It might be beneficial to recast processed foods in a less flattering light. Instead of thinking of highly processed foods as a food source, begin to view them as ‘oral stimulation.’

This will help you shift your diet towards real, whole, natural food with low glycemic load and high nutritional value.

As an interesting thought, why do you think it’s so easy to eat large amounts of junk food, but not so easy to eat lots of vegetables? Well, one of the reasons we eat junk food is because our bodies can’t find the nutrients they are looking for. So we keep on consuming, hoping to get enough of what we need.

Fresh, raw vegetables have everything we need, so we don’t need to eat huge quantities.

Eating processed foods with high glycemic loads that are devoid of enzymes is probably one of the primary reasons the occurrence of hair loss is much higher in more developed countries than less developed countries.

A word about diabetes

If blood sugar levels remain consistently high over a long period of time, this can signal the transition to full-blown type 2 diabetes.

The complications of this devastating disease can include anything from blindness and kidney failure, to nerve damage and hearing impairment.

Considering how far-reaching the disease can be, this shouldn’t come as a surprise. When the whole system is compromised, symptoms can appear anywhere in the body.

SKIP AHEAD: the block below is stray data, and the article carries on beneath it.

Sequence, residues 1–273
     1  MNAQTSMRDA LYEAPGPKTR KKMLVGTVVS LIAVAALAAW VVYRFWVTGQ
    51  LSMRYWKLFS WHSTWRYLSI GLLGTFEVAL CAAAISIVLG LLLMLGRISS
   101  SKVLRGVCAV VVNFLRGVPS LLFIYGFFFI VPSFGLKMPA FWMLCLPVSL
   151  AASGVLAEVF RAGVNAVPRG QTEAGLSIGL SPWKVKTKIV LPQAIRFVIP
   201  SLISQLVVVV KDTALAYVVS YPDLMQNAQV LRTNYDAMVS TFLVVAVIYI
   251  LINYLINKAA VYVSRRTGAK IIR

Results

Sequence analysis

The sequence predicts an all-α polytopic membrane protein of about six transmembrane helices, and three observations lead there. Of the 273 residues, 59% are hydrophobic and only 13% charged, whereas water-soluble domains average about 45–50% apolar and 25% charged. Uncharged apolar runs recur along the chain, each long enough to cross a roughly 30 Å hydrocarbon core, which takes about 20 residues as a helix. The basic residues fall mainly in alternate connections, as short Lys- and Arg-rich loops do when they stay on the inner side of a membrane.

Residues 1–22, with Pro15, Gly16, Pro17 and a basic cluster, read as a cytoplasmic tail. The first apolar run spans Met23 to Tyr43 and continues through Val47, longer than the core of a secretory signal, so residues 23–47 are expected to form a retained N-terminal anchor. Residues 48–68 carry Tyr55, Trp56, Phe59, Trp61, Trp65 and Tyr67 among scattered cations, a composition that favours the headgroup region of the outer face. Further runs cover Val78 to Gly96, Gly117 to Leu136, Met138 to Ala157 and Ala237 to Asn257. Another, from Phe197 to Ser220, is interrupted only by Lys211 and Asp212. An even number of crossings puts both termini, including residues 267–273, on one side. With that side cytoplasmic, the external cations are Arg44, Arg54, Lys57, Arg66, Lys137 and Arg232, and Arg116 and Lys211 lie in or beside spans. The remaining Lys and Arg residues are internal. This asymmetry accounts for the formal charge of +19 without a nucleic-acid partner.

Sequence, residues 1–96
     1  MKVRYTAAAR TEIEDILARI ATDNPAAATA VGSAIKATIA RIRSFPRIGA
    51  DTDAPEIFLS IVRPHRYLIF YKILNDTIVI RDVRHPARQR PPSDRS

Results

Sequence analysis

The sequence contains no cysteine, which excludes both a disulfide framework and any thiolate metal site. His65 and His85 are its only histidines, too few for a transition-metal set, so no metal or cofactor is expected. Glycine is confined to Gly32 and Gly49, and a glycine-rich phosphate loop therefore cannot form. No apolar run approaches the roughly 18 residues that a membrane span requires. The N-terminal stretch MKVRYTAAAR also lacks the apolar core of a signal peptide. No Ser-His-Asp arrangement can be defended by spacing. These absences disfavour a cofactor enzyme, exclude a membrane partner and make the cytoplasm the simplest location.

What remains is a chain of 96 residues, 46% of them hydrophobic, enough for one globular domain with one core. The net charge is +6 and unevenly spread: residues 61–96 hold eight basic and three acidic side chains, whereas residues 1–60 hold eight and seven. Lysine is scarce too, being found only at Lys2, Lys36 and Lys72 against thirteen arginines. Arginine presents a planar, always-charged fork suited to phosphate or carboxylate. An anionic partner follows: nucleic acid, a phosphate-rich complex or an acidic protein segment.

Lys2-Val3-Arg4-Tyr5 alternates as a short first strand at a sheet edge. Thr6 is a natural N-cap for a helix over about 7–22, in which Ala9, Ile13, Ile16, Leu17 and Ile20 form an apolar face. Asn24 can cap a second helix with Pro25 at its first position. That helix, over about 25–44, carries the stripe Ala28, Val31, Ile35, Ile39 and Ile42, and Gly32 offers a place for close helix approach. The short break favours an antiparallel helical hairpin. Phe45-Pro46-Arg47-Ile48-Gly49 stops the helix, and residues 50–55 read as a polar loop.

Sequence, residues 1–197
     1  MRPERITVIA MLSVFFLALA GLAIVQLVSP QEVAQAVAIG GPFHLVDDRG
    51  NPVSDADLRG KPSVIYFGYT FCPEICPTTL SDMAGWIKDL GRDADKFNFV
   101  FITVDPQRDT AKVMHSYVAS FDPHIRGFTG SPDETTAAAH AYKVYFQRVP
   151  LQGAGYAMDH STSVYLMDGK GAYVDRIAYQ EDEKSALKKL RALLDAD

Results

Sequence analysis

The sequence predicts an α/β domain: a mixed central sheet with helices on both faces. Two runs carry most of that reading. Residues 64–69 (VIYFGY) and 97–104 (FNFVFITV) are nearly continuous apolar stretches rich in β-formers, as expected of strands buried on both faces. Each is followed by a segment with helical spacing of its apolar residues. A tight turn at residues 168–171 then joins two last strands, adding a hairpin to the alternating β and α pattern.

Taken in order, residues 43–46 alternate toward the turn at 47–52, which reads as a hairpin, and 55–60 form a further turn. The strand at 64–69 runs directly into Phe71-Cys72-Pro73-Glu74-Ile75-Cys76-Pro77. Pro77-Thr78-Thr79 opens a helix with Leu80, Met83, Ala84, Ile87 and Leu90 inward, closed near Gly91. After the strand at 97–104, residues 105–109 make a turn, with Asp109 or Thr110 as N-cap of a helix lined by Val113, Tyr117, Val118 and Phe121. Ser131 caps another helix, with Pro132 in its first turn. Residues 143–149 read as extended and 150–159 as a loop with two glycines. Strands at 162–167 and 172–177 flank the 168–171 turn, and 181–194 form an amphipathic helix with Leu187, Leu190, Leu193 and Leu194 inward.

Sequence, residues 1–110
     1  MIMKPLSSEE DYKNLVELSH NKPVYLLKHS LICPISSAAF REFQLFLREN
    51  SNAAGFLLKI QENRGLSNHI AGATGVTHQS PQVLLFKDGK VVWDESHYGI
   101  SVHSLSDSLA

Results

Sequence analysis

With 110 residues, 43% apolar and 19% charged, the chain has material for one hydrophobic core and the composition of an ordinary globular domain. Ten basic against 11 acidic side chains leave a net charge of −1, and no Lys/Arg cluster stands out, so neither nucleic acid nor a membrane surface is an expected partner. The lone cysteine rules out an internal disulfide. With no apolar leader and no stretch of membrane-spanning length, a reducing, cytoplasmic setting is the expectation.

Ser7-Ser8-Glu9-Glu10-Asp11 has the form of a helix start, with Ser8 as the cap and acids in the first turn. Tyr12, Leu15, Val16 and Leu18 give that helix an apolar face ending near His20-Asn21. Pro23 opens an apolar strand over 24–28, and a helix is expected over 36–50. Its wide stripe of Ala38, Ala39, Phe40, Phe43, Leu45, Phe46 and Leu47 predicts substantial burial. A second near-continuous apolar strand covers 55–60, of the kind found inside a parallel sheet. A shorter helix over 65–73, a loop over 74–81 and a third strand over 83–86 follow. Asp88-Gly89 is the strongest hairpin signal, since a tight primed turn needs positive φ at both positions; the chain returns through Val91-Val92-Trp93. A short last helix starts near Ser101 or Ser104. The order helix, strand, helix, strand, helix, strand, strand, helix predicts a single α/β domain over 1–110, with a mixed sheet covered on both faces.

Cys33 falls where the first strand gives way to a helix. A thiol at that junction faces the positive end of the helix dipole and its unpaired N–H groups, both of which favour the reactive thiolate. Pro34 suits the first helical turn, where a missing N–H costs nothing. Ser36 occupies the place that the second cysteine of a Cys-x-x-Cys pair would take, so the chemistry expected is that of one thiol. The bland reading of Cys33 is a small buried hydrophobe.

Diabetes does the most damage to the body’s circulatory system, which results in a decreased ability to transport nutrients and oxygen. This is especially taxing for distant parts of the body, like limbs (sometimes even amputation is required) and – you guessed it – hair follicles.

Diabetics tend to not only have sparser hair, but also the average diameter of their hair shafts can be reduced. Fascinatingly, trace element analysis of hair samples from diabetic patients also reveals the negative effects of this disease, mirroring the chemical imbalances and mineral deficiencies seen throughout the body.

The damage diabetes inflicts on follicles and also hair growth is so pervasive, that some researchers have suggested that hair changes can be used as an early marker for type 2 diabetes. These changes include the number of hairs, the hair growth rate, percentage of hairs in anagen growth phase and hair diameter.

Final Thoughts

Hair loss is a complex issue and, as such, a diet change might not resolve the issue entirely. However, it can help to set you in the right direction.

If you have a question, please leave it in the comment section below and I will be sure to answer.

*This article was reviewed by Dr. Debra Rose Wilson.

8 thoughts on “Best Diet to Stop & Fix Hair Loss Naturally”

  1. I have an upcoming dermatologist appointment for the hair loss issue and I just read about this possible problem. How should I approach the doctor with this to check if diabetes could have caused this? Also, can a heart condition like RVH be the result of it? I have RVH and it deals with oxygen being carried around from my lungs to the heart. I do get numbness in my fingers and feet here and there.

    Reply
    • Hi Ella,

      If you have been diagnosed with diabetes already, then it’s important to get your blood sugar levels under control. This would probably be the easiest way to approach the topic with your doctor. If you’re unsure if you have diabetes, it’d be best to start with a blood test (A1C). You can also check your blood sugar levels at home and bring a few days of those to your doctor with you if you suspect diabetes.